Price guides are used mostly to list the prices of different baseball cards in many different conditions. One of the most famous price guides is the Beckett price guide series. The Beckett price guide is a graded card price guide, which means it is graded by a 1–10 scale, one being the lowest possible score and ten the highest.
Other articles related to "price guides, price guide, guides, guide":
... To assist both types of comic book collector, comic book price guides are available and provide estimates of comic book values as well as information on comic book creators and ... The price guides assign values for comic books based on demand, availability, and the copy's condition ... The longest running price guide is the annual Overstreet Price Guide, first published in 1970 ...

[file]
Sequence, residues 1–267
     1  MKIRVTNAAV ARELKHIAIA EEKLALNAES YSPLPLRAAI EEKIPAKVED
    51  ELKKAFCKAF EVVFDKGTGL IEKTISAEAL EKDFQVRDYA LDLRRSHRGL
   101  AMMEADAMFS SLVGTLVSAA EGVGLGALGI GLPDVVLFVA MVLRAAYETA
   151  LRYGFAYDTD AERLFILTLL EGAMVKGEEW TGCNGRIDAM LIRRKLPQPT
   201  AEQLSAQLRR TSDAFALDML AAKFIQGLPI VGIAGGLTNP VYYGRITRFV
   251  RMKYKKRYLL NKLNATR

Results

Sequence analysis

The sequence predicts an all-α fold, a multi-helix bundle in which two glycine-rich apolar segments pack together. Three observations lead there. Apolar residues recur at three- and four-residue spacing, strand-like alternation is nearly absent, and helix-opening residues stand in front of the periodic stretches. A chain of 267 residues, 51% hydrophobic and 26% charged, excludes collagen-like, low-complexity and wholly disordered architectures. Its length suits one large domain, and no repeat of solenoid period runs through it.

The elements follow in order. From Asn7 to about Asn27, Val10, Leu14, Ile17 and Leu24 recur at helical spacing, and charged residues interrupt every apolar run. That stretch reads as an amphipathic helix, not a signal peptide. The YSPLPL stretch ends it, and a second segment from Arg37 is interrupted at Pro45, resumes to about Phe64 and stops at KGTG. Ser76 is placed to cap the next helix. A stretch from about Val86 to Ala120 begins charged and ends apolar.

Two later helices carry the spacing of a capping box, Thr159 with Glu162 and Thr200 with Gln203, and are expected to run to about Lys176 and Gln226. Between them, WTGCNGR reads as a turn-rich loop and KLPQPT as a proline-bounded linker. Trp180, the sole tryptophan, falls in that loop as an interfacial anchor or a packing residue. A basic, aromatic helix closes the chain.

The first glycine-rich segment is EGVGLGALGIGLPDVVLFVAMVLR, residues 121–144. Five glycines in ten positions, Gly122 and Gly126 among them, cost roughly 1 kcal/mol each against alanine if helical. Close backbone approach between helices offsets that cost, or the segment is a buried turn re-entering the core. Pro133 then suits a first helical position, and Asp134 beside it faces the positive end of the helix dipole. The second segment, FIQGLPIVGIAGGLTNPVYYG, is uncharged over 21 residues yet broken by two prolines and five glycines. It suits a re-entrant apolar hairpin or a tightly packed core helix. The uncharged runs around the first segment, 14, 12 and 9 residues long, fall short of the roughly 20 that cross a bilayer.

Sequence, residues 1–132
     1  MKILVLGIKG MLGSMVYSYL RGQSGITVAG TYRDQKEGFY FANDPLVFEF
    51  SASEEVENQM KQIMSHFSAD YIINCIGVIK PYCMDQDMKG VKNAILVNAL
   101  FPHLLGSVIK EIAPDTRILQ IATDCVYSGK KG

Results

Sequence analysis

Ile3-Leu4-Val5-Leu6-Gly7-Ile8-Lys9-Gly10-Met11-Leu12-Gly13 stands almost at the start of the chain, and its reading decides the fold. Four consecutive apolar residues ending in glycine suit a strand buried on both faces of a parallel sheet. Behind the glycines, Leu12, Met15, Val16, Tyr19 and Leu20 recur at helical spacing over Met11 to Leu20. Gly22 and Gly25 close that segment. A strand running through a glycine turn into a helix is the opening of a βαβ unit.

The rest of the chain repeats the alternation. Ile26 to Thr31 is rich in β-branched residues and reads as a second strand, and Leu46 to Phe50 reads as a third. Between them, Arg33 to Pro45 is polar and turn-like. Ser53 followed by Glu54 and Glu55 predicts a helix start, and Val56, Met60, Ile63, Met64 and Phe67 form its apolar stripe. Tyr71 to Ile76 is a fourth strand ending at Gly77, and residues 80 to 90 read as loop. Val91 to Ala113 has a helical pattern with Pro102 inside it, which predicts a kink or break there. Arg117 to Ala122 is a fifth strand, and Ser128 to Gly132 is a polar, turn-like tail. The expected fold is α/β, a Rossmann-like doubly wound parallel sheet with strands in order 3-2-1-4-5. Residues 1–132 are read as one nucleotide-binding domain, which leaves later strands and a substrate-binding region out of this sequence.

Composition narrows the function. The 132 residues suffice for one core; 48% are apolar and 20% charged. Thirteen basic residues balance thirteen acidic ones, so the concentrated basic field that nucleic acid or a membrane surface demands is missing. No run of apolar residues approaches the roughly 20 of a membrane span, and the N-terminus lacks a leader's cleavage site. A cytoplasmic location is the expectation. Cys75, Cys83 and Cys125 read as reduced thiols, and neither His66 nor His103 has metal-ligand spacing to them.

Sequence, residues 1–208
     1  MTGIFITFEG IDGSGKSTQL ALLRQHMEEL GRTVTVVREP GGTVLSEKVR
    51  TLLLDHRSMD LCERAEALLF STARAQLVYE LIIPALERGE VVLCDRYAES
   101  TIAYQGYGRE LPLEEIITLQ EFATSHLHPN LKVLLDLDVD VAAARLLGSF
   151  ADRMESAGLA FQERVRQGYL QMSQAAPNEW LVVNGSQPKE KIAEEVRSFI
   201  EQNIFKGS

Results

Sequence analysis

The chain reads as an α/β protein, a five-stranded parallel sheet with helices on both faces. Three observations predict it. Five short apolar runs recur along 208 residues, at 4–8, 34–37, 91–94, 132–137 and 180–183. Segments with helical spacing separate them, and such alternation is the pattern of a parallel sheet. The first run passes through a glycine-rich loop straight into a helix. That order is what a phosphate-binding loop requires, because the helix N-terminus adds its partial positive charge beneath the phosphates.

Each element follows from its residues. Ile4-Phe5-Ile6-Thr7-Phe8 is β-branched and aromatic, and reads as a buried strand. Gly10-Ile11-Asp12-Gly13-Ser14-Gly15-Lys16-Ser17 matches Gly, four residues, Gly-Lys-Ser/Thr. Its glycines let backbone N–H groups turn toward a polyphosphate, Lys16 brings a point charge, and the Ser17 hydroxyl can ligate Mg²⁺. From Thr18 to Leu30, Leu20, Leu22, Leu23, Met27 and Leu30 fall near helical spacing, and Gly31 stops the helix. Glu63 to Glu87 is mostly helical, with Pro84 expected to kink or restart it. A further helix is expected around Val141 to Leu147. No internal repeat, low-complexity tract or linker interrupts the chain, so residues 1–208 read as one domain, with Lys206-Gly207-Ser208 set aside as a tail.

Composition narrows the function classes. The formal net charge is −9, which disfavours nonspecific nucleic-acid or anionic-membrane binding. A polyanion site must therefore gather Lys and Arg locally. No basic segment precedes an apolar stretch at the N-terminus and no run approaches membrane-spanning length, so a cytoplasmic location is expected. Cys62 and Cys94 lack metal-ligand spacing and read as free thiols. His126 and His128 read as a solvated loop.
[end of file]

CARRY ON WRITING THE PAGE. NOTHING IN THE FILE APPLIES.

... recalls that Bails had "begun to create a comic book price guide, when a man named Bob Overstreet contacted him because he was doing the same thing." Bails' extensive notes "became a backbone to the Overstreet ...
... Comic book price guides are generally monthly, quarterly, or yearly publications which detail the changes in the resale value of a comic over a period of time ... Price guides are also important tools for collectors looking to sell their collection or determine their collection’s worth for insurance purposes ... to follow, but popular and respected guides currently include The Official Overstreet Comic Book Price Guide, Comics Buyer's Guide magazine, Wizard ...
Famous quotes containing the words guides and/or price:
“Old politicians, like old actors, revive in the limelight. The vacancy which afflicts them in private momentarily lifts when, once more, they feel the eyes of an audience upon them. Their old passion for holding the centre of the stage guides their uncertain footsteps to where the footlights shine, and summons up a wintry smile when the curtain rises.”
—Malcolm Muggeridge (19031990)
“It doesnt do good to open doors for someone who doesnt have the price to get in. If he has the price, he may not need the laws. There is no law saying the Negro has to live in Harlem or Watts.”
—Ronald Reagan (b. 1911)